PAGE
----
Famed Jeopardy champion Ken Jennings has blogged about an issue very important to me, the use of the word "midget". Here's what he says:
But here’s my problem: sometimes I call my kids “midgets.” I need a ruling from the Little People of America: is “midget” inherently offensive? Should I avoid it in all situations, the way disability advocates want the word “retard” avoided–not just for the mentally challenged, but for everyone, including the kid picking his nose in study hall or the guy that forgets to buy the beer you asked for? Or is it more like “Oriental” (still okay for rugs, just not people) or “colored” (okay for pencils, not people).
Here's the email I just sent him.
You should not use the word at all. You should not use it with your children. The most obvious reason is not merely because it is considered a slur but also because you infantilize people with dwarfism. And you are teaching your kids that adults with dwarfism are the same as children because they are small.
You bring up the words "oriental" and "colored" and say that it seems to be okay to use them to describe, respectively, rugs and pencils. But "oriental" and "colored" were already existing words used to describe a variety of things, beyond people, "Midget" is a word built to literally dehumanize people with a genetic difference. "Midget" has its roots in 19th century freak shows where, in order to make a buck, people with dwarfism would be displayed as an exotic and inhuman other species. Society was conditioned to view them that way as a result.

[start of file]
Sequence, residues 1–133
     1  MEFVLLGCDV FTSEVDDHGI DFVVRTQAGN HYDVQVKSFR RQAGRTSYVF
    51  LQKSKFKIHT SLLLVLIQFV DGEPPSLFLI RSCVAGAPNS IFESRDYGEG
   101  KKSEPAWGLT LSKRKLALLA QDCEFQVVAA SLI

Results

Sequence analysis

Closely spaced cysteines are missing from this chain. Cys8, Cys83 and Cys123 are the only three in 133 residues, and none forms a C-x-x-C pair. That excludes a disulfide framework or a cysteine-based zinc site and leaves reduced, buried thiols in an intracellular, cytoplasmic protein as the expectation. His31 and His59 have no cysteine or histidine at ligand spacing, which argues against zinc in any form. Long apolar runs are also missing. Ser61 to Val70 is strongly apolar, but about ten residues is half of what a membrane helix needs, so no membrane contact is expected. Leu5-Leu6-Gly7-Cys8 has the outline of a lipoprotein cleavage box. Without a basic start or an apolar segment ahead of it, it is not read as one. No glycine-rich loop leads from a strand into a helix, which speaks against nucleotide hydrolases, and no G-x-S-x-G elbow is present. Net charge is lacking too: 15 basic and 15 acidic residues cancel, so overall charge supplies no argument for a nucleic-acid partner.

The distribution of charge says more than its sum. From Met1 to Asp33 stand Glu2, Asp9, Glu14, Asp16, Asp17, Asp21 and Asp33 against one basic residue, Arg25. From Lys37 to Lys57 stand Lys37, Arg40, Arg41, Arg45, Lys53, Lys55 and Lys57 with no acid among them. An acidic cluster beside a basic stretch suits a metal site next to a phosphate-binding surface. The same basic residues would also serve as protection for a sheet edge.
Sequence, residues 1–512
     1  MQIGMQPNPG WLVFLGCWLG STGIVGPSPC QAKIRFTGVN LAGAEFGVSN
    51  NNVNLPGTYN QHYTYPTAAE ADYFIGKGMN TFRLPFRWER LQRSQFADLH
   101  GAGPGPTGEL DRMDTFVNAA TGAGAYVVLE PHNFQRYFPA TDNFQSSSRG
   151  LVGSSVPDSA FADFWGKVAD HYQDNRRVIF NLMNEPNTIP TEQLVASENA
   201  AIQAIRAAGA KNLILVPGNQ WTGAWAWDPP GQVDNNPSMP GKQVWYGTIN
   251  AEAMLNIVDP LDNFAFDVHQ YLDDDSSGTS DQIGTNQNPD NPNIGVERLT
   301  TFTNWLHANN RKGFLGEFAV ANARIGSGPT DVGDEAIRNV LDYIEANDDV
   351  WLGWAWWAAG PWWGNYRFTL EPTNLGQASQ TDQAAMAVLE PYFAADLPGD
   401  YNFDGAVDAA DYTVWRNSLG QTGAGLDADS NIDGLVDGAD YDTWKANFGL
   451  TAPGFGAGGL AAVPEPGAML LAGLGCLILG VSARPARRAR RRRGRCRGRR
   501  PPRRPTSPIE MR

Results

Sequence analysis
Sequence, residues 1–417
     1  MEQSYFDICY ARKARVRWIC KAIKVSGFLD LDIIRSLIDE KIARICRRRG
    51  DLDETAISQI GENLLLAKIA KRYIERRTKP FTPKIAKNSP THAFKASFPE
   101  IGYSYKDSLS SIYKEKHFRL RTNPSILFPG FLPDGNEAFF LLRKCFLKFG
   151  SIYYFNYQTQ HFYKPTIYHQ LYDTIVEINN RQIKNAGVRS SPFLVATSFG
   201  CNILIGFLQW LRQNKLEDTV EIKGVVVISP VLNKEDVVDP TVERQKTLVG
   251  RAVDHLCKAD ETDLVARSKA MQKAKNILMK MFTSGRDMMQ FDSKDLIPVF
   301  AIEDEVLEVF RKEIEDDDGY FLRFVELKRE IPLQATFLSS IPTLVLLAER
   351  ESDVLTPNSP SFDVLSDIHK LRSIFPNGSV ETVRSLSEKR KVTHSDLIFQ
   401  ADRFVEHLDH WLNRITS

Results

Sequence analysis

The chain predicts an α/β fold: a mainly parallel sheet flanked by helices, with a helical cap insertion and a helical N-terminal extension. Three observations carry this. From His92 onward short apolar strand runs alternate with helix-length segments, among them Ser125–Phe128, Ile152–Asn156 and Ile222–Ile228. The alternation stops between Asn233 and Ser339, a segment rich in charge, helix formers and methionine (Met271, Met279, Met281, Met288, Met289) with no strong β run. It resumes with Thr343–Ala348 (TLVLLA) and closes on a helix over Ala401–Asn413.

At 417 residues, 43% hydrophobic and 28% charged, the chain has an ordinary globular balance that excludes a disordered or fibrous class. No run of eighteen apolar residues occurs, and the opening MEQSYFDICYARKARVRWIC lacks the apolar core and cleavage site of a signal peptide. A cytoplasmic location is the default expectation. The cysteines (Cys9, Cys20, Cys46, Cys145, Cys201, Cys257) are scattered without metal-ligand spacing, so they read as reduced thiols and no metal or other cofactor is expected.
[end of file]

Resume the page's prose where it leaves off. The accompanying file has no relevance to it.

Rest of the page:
Freak shows are no longer a part of our culture but the sense of otherness related to people with dwarfism is with us still. I'd point you to the life of Paul Miller of Mercer Island, Washington. He was born with achondroplasia, the most common type of dwarfism and was rejected by over 40 law firms after graduating from Harvard Law School. One of them said they didn't want to hire him because it would turn their firm into a freak show.
Miller went on to be a law professor, a tireless advocate for people with genetic differences, and he advised Presidents Clinton and Obama. Miller recently died after a battle with cancer. Here's the New York Times obituary. Here is President Obama's reaction to Miller's death.
My daughter Kate was born with dwarfism in 2002. She gets stared at, pointed at, people take her picture, people laugh at her. And while I recognize that it's natural to look longer at something that is unusual, there is a societal prejudice against people with dwarfism. They are seen as a curiosity, they are seen as something "other", and it all gets back to that word "midget". Kate, fortunately, is brave, determined, smart as a whip, and doesn't pay much attention to the people who don't understand her. That's good because, just as she needs to work harder than average people to reach a drinking fountain or a cash register, she will need to work harder to get a job and be taken seriously in life.
So Ken, I ask you to make it easier for her. Be part of the solution. Treat people as people regardless of their genetic condition or their height, just as you would treat them as people regardless of their ethnicity. Make things better, Ken Jennings, and don't use that awful word.
PS. By the way, "dwarf" is a perfectly acceptable term. I don't know a little person in the world who has a problem with it. Of course it works even better if you simply call them by their names.
Thursday, October 28, 2010
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